According to a feature of a preferred embodiment of the present invention, the predetermined frequency of the D.C. restore clock signal produces a video data rate of at least about 10 Mpixels per second. The scanning array includes pixel dark cells, and the D.C. restore which calculates an output signal subtracts the analog signal containing only the D.C. offset component from the analog image signal to produce a difference signal. The timing generator including a divide-by-N circuit which is selectively operable to decrease the frequency of the timing pulses by a factor of N.

The invention, and its objects and advantages, will become more apparent in the detailed description of the preferred embodiments presented below.

BRIEF DESCRIPTION OF THE DRAWINGS

In the detailed description of the preferred embodiments of the invention presented below, reference is made to the accompanying drawings, in which:

FIG. 1 is a schematic view of a scanning system including a D.C. offset restoration system according to a preferred embodiment of the present invention;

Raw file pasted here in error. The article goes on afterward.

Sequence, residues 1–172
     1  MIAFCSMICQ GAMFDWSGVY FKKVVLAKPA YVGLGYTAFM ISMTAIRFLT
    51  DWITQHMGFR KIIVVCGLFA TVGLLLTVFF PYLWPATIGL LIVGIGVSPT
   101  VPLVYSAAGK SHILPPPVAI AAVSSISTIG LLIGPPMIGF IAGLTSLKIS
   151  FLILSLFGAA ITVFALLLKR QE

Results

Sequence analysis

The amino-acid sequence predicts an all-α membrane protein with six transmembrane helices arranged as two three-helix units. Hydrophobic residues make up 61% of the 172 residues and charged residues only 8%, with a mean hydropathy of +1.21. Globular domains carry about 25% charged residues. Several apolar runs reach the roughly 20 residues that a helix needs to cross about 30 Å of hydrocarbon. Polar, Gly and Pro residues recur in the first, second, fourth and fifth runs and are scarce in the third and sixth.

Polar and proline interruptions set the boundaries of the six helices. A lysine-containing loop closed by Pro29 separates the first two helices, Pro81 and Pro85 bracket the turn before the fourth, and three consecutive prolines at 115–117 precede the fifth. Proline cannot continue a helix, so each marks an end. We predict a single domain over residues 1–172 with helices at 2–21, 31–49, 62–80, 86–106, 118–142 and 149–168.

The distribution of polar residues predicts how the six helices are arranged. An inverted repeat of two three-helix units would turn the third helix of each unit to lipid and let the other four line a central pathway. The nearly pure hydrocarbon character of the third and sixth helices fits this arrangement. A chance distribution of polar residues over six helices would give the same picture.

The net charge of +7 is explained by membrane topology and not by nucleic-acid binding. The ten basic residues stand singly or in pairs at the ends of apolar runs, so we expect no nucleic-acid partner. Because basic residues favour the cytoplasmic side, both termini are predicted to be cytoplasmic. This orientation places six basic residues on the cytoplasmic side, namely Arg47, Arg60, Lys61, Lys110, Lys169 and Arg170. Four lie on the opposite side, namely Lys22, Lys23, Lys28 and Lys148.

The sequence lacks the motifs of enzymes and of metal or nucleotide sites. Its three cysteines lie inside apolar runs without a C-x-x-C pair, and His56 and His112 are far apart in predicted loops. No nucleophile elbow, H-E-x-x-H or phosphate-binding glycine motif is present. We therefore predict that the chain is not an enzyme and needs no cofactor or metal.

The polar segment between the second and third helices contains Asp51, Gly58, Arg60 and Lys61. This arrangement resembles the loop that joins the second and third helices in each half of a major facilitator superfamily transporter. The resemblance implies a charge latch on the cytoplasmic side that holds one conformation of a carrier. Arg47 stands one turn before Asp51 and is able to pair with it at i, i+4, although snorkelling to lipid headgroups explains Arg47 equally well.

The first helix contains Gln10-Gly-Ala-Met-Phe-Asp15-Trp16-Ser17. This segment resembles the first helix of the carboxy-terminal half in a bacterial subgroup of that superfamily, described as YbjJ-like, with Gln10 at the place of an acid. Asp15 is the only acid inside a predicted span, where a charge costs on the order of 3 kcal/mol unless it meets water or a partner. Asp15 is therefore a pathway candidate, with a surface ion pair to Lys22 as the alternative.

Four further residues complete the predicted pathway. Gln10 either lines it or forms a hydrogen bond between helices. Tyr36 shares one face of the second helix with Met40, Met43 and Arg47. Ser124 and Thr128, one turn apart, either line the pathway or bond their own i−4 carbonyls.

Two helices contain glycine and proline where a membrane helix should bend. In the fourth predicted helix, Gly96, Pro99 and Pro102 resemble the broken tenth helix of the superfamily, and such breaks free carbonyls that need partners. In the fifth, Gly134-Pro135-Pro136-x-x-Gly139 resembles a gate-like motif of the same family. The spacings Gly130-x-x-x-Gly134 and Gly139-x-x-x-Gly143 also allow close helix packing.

FIG. 2 is a more detailed block diagram of the D.C. offset restoration system of FIG. 1;

FIG. 3 is a timing diagram for a typical scanning system;

FIG. 4 is a more detailed block diagram of a portion of the D.C. offset restoration system of FIG. 1; and

FIG. 5 is a D.C. restoration timing diagram according to the present invention.

BEST MODE FOR CARRYING OUT THE INVENTION

The present description will be directed in particular to elements forming part of, or cooperating more directly with, apparatus in accordance with the present invention. It is to be understood that elements not specifically shown or described may take various forms well known to those skilled in the art.